By D. E. Stevenson
This is the story of Five Little Children and How They Grew. I listened to this on Audible read by Lesley Mackie. With her gentle voice and slight Scottish accent, she added a lot to my enjoyment of this sometimes somewhat dark novel. While we hear about the children and their story it almost felt like I was being told a fairy tale and it was lovely, hoping as I was for happily ever afters for the children after the storms had passed. And lessons learned and justice served for those that required them.
The Ayrton children, two boys, and their three younger half-sisters are the children of two parents who don’t know or love their children or even care to. They are not socialites, jet setters, or workaholics, or V.I.Ps who are too busy with their own affairs to pay attention to their children. They are conventional and stolid pillars of the community. They keep the children from church and school and pretty much just ignore them unless they are of use or can’t avoid them. They just do not have any love in them. It was very odd.
Left to their own devices, they bring themselves up, thanks to a loving Nanny who unfortunately has little influence with the parents, and they do a wonderful job. Roger and Tom, in time, go off to boarding school where they learn that their parents and family are not normal. The reader spends the most time with Nell and Anne. The beautiful older sister, Connie, is nice as a little girl, but grows up only wanting to avoid unpleasantness and difficulty and doesn’t feel things very deeply. She gets married because that is what girls did and like her parents before her, we learn she is a horrendous parent, but in a different way. Nell and Anne are almost pathologically shy (unsurprisingly) sweet, and very close, with Anne being somewhat of a free spirit. They are both bright but ignorant scholastically and socially. It is Anne who was the most interesting with her fey ways, stronger spirit, and her unusual infectious laugh which is triggered mysteriously and unexpectedly.
It was no use of course. When Anne began to giggle it was hopeless trying to stop her. Anne shook with internal convulsions; she was seized with uncontrollable mirth and flung herself upon the bank writhing helplessly. The others caught the infection and laughed too. “What are we laughing at?” asked Gerald at last in a trembling voice. He took out his handkerchief and wiped his eyes. “Come on, Anne. Tell us the joke.” “Anne can never tell you,” said Nell hastily …“Anne can never tell you the joke, and even if she does it isn’t a bit funny.“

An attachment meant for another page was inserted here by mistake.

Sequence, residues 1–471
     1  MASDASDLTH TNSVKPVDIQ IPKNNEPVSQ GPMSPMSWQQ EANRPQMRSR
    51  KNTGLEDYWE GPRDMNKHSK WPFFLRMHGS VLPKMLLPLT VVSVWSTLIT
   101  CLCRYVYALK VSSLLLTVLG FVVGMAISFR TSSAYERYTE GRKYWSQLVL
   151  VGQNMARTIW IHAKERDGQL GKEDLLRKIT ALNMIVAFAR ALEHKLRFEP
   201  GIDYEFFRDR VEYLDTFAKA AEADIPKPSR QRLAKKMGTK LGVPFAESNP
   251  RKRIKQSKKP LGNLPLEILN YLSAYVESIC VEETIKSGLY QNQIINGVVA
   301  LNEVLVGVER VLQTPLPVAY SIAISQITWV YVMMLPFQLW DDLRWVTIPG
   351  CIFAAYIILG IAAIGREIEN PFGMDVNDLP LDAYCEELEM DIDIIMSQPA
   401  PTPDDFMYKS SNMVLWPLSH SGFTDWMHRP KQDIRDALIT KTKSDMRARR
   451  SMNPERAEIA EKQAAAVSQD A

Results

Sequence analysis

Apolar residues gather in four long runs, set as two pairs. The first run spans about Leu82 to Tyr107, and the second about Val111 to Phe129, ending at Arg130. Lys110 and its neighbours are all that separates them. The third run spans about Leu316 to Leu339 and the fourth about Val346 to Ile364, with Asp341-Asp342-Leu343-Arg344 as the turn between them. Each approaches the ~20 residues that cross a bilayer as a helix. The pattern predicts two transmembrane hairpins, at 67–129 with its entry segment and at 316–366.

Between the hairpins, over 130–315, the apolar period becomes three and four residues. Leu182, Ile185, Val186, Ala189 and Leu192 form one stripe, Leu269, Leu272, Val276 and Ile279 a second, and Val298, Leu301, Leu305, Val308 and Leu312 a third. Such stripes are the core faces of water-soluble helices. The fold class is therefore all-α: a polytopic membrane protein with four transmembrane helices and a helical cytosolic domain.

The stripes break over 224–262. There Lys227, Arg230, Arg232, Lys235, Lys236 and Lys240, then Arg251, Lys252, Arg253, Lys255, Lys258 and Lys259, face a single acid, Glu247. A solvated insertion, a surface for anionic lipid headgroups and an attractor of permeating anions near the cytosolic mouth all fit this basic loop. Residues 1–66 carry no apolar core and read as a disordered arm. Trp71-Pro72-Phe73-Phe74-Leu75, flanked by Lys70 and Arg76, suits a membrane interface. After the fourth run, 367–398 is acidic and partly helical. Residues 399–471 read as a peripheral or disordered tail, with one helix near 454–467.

The war comes and has a dramatic effect on Amberwell, the center of the universe in this book. Mr. And Mrs. Ayrton are inconvenienced by the war, but that is the end of their involvement. But Roger and Tom go off to do their duty and become fine young men. Roger marries and has a baby. Nell comes out of her shell somewhat and becomes the dependable rock of the family. Anne, however, goes off to London with their Aunt and under her influence disgraces the family by eloping without the blessing of her parents. She disappears off the face of the earth. And we lose the most fascinating character in the book. Throughout the novel, the reader and Nell are consumed by Anne’s fate. Is she well and happily married? We have reason to hope, but why doesn’t she write? Or is she in dire straits? We don’t know until the end.
There are some sad and tragic times as well as a lot of growth and hope in this novel. Despite the happy ending, there were some disappointments and a boatload of loose ends and unrealized promise. Hopefully, the sequel (Summerhills)will resolve some questions and fates and provide some more closure. But I really liked this gentle and serious story with its intricately fashioned characters, insight, thoughtfulness, and atmosphere. **3 1/2 stars, rounded up**
December 22, 2021